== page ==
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The Broadway Review: ‘The Heart of Rock and Roll’ is a greatest-hits album of Broadway clichés

Jonathan A. Abrams’s offering is a rote but still rollicking musical scored to Huey Lewis and the News’ nostalgia-inducing discography. 

(Foreground, L-R) Corey Cott and McKenzie Kurtz in “The Heart of Rock and Roll,” Broadway, 2024 (Credit: Matthew Murphy)

Good evening, and welcome to Broadway News’ Broadway Review by Brittani Samuel — our overview of reactions, recommendations and information tied to tonight’s Broadway opening of “The Heart of Rock and Roll.”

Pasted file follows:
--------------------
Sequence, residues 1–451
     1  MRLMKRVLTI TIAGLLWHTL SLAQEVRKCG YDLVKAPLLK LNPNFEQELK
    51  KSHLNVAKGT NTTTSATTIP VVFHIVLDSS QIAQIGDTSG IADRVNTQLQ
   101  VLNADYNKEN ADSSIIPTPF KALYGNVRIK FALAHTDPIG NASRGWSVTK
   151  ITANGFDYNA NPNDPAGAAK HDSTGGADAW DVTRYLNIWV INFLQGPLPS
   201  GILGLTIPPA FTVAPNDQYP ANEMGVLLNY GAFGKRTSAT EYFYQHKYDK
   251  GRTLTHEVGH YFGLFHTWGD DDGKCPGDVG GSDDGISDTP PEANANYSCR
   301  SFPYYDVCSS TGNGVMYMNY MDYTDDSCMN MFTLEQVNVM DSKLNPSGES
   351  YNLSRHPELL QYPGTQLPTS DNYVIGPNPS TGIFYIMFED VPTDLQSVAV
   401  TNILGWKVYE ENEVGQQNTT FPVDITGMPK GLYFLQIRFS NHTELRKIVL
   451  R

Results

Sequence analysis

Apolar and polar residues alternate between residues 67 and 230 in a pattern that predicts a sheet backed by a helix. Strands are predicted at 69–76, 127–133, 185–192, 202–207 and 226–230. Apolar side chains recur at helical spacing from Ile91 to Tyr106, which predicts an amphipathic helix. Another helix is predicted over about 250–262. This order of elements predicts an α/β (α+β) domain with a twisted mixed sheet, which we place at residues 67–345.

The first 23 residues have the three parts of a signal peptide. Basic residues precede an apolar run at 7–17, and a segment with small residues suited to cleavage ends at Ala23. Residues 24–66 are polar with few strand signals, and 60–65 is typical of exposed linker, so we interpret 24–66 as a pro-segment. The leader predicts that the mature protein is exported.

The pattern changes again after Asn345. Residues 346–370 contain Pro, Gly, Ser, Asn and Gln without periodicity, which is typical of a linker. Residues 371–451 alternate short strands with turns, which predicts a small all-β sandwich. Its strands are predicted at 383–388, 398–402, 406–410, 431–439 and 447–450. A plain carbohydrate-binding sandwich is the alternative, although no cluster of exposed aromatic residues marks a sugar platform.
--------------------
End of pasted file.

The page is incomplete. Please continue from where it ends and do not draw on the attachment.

Corey Cott in “The Heart of Rock and Roll,” Broadway, 2024 (Credit: Matthew Murphy)

Come one, come all, and get thee to the James Earl Jones Theatre because history is happening before our very eyes. Behold what surely must be the first Broadway musical crafted completely by artificial intelligence. That’s the only explanation for a show as rote and paint-by-numbers predictable as “The Heart of Rock and Roll.” The show sets a bubbling love story between guitar-shredding box factory laborer Bobby and by-the-book box factory heiress Cassandra to a score of singles from Huey Lewis and the News’ heyday. (Only one song, “Be Somebody,” was written for the production). Lewis’ jukebox experiment is only “original,” in the technical sense, with a contrived book by Jonathan A. Abrams. His script is so desperately referential, it borders on satire.

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